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How To Build A Girl by Caitlin Moran

girl

Some of you may remember I met Caitlin Moran at a book signing a few weeks ago. Caitlin shared with me that How To Build A Girl is the first book in a series about the adventures of Johanna Morrigan/Dolly Wilde.

THE STORY
Fourteen year old Johanna Morrigan looks at her unemployed, alcoholic father, inattentive mother and grubby, hungry siblings, and realizes to make her dreams of becoming a writer true, she needs to escape the impoverished life of her family. Also, she’s tired of being a geek and boring and not being taken seriously by others. In a moment of inspiration, Johanna decides to completely reinvent herself. Two years later at sixteen, Johanna is now Dolly Wilde, a confident, chain-smoking party animal. She lands a job at a music magazine which becomes her gateway to all of the rock n’ roll and sexual adventures she thinks she needs to truly become Dolly Wilde. The results are mixed. Along the way she befriends, John Kite, an alcoholic music star that is Dolly’s father figure, mentor and crush all rolled up in one. Dolly makes plenty of shameful mistakes, but is determined to be a self-made woman and in charge of her own destiny. To grow up on her own terms.

THE GOOD
Reading How To Build A Girl was like reliving my own youth with all its excruciating faux pas and missteps, but also the hopes and dreams I had for the future. I could relate to Dolly’s dissatisfaction with herself and attempt to find a tribe or something or somewhere to belong. As the story is set in the nineties, I also enjoyed the nostalgia trip, as Dolly constantly referenced songs, bands, movies, TV shows, books and celebrities that I knew and loved so much.

THE BAD
The language in How To Build A Girl can be quite crude and explicit, with liberal use of the “C” word and descriptions of genitalia, so this story may not be for everyone. Such language reminded me of how much swearing I did as a teenager and one particular friend whom some of the grown-ups in our lives had nicknamed “Foulmouth” because she was the worst of us.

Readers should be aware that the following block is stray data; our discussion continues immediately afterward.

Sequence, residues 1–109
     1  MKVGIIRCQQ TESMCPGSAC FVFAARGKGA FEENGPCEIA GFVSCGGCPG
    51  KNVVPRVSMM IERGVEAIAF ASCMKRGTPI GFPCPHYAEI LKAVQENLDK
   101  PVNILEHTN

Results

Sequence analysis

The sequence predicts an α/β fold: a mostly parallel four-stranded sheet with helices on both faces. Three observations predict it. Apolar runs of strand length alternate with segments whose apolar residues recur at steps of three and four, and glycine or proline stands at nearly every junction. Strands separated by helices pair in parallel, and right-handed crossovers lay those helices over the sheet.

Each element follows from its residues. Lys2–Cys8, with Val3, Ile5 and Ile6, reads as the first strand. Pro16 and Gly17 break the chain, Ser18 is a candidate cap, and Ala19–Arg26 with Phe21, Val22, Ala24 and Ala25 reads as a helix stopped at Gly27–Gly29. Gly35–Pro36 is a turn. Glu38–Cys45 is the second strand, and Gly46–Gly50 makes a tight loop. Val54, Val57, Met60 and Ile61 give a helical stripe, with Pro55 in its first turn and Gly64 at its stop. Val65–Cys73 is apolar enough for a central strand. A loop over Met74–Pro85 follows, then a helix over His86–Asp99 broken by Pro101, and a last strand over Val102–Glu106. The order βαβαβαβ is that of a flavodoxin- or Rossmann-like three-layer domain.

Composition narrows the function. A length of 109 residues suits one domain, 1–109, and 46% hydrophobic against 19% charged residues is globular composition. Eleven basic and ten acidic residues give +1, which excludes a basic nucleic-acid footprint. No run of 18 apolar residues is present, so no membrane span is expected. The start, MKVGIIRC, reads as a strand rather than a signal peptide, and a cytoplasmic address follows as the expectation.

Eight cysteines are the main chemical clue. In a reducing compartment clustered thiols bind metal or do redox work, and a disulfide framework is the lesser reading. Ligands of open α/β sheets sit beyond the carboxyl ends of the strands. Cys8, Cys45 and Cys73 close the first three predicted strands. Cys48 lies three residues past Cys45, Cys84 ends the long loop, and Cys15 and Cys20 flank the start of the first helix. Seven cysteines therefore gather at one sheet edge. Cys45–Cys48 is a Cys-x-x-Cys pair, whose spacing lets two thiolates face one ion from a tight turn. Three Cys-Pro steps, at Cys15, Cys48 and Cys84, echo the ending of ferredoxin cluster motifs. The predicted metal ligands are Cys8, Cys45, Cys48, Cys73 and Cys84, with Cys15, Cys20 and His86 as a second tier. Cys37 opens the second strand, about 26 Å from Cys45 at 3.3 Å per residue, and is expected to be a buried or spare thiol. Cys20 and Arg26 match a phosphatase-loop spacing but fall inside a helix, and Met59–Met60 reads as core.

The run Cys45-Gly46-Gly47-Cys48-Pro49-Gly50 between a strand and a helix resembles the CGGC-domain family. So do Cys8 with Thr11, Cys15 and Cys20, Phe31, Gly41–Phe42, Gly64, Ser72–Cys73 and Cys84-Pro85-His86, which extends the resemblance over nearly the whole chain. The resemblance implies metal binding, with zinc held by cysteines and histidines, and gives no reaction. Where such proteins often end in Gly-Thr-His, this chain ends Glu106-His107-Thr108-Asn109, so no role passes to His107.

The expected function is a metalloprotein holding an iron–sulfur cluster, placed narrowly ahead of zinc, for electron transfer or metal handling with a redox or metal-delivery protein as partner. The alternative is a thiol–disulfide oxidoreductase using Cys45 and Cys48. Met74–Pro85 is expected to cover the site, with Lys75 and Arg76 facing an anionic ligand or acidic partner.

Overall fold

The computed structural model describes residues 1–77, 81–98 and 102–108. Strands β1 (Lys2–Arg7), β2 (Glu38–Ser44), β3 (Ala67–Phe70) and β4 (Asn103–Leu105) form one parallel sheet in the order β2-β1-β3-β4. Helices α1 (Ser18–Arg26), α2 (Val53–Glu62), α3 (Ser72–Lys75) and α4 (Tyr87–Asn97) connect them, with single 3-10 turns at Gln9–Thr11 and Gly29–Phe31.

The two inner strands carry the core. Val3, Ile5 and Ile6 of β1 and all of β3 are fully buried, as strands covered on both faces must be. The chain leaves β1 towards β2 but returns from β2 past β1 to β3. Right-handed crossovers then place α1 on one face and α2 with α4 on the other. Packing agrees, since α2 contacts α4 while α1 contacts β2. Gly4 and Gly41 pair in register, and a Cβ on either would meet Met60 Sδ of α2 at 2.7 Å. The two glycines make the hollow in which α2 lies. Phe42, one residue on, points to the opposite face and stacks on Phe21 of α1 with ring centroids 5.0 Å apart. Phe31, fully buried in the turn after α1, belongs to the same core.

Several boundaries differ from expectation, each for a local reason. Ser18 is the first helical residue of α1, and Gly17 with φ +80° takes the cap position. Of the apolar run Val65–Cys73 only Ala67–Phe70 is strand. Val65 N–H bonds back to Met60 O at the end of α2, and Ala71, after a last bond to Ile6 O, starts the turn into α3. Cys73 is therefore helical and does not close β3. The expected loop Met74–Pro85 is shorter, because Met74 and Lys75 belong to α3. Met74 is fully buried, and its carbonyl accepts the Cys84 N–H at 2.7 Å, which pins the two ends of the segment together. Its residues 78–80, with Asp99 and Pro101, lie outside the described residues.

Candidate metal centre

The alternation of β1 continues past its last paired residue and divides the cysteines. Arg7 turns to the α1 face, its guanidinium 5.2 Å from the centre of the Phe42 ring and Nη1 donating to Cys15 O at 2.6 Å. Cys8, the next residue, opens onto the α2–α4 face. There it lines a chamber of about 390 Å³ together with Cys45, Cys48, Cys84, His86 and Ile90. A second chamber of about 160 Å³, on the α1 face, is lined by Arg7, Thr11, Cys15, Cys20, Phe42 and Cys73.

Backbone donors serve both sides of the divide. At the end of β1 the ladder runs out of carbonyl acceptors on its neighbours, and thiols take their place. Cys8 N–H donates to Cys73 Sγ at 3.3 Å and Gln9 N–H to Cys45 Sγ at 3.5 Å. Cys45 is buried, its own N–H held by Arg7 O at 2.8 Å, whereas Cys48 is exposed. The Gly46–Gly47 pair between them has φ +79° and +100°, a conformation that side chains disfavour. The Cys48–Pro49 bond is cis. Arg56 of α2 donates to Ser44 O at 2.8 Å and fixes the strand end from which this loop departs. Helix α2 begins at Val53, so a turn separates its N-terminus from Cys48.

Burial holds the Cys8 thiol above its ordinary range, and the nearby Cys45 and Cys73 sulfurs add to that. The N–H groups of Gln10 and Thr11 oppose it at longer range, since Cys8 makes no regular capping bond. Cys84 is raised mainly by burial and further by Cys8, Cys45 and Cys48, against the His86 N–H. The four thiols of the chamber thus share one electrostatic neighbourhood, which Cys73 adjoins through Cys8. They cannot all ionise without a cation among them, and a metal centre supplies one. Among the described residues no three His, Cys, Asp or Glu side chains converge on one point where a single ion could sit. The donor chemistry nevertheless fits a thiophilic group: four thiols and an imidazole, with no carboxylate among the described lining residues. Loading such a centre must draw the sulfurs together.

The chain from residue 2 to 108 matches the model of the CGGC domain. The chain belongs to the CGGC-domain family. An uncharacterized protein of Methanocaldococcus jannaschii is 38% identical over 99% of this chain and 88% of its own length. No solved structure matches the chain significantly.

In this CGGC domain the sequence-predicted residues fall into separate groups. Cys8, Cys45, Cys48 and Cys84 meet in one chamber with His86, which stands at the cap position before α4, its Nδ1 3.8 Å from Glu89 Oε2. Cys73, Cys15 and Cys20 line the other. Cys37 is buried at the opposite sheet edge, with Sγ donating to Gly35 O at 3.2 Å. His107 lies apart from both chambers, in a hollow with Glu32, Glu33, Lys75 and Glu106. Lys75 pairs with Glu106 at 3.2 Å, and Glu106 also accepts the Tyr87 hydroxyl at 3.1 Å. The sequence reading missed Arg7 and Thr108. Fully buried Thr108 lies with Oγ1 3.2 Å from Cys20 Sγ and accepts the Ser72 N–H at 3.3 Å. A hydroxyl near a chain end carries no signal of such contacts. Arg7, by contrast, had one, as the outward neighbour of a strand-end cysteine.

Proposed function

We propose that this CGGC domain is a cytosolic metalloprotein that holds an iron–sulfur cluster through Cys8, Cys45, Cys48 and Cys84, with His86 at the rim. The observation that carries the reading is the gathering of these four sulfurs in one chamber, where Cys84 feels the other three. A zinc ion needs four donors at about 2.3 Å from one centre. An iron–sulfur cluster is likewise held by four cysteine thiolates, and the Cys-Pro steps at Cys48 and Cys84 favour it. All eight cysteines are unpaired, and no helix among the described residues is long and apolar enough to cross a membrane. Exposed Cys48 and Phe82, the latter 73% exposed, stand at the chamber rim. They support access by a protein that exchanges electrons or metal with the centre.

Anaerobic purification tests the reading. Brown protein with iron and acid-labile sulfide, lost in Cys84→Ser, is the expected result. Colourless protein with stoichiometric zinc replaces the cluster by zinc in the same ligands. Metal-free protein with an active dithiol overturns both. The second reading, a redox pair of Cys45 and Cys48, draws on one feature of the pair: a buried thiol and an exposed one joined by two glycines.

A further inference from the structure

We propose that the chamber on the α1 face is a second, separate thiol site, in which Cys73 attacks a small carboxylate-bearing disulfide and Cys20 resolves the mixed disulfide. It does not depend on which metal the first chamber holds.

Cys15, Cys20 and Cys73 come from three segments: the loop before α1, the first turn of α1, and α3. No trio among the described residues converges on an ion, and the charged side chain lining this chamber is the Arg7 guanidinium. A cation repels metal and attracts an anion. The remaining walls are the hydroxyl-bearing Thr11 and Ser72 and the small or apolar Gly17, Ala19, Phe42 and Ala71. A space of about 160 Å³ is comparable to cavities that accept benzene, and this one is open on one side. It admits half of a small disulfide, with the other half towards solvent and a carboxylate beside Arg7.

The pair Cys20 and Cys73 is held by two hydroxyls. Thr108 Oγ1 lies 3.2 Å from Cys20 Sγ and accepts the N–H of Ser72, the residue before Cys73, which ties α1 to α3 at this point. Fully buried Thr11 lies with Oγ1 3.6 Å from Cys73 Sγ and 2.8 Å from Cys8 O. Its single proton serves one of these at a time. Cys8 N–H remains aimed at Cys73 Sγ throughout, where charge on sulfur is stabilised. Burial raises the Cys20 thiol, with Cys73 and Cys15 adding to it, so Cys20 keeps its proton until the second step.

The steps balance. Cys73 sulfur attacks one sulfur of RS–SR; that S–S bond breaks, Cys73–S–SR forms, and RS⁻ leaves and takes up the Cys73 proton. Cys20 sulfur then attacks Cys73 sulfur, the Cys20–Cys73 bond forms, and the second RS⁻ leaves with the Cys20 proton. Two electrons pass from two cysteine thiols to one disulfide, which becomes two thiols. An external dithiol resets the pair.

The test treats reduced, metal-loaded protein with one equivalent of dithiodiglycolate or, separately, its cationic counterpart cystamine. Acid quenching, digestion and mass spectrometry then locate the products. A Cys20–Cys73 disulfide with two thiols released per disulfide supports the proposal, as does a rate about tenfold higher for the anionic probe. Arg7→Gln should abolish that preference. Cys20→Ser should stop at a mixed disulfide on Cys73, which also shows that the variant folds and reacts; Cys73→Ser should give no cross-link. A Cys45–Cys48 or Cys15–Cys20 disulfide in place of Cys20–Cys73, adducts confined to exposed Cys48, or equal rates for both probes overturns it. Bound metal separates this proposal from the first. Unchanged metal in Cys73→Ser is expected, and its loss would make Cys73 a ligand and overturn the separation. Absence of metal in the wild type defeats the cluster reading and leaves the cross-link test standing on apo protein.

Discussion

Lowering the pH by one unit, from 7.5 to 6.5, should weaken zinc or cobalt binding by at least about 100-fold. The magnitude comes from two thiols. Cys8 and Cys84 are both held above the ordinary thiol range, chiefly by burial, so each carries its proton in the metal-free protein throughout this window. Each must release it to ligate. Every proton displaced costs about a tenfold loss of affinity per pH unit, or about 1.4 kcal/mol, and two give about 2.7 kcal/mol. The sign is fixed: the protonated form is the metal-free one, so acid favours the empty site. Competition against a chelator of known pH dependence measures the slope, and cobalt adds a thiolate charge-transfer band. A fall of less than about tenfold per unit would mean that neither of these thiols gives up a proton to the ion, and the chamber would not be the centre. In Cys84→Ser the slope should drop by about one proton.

CONCLUSION
Since I read How To Build A Woman mere weeks before picking up this book, I couldn’t help noticing how Catilin Moran’s memoir and How To Build A Girl mirrored one another, as Dolly Wilde very much resembled Caitlin’s younger self. However, the funny and touching coming-of-age story in How To Build A Girl stands head and shoulders above the memoir. I couldn’t help falling in love with Dolly Wilde because of her sweet naiveté, energy and enthusiasm for life.

3.5/5 Stars

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6 comments on “How To Build A Girl by Caitlin Moran

  1. The Paperback Princess
    October 23, 2014

    Seems like if you read How to Be a Woman recently, this book is a lot of repeat. I still want to read it – I love Caitlin Moran! – but maybe it’d be better as a library read. Or I will just wait a while.

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    • ebookclassics
      October 23, 2014

      If you are a Caitlin Moran fan, you may want to go ahead and get the book. I think you will like the story if you enjoy her style of writing (lots of energy, caps and exclamation marks!). 🙂

      Liked by 1 person

  2. Naomi
    October 23, 2014

    Ha! It makes me wonder what name I would come up with for myself if I wanted to re-invent my life. Dolly Wilde sounds like it fits perfectly for her.

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    • ebookclassics
      October 23, 2014

      Dolly Wilde is such a fantastic name, I also loved it. I would probably change my name to is I was going to reinvent myself. Not sure what …

      Like

  3. Charlene @ Bookish Whimsy
    October 23, 2014

    This sounds like an interesting read! I’m a little more drawn to Moran’s memoir, but I like the idea that she wrote a fictional book that is sort of a companion to her memoir.

    Like

    • ebookclassics
      October 23, 2014

      I’m not sure if she intended for her novel to complement her memoir, but it was fun to be familiar with the origins of the story. The memoir does talk about other stages in her life like her career, getting married and having kids. I think this is also explored in Moranthology which I haven’t read.

      Like

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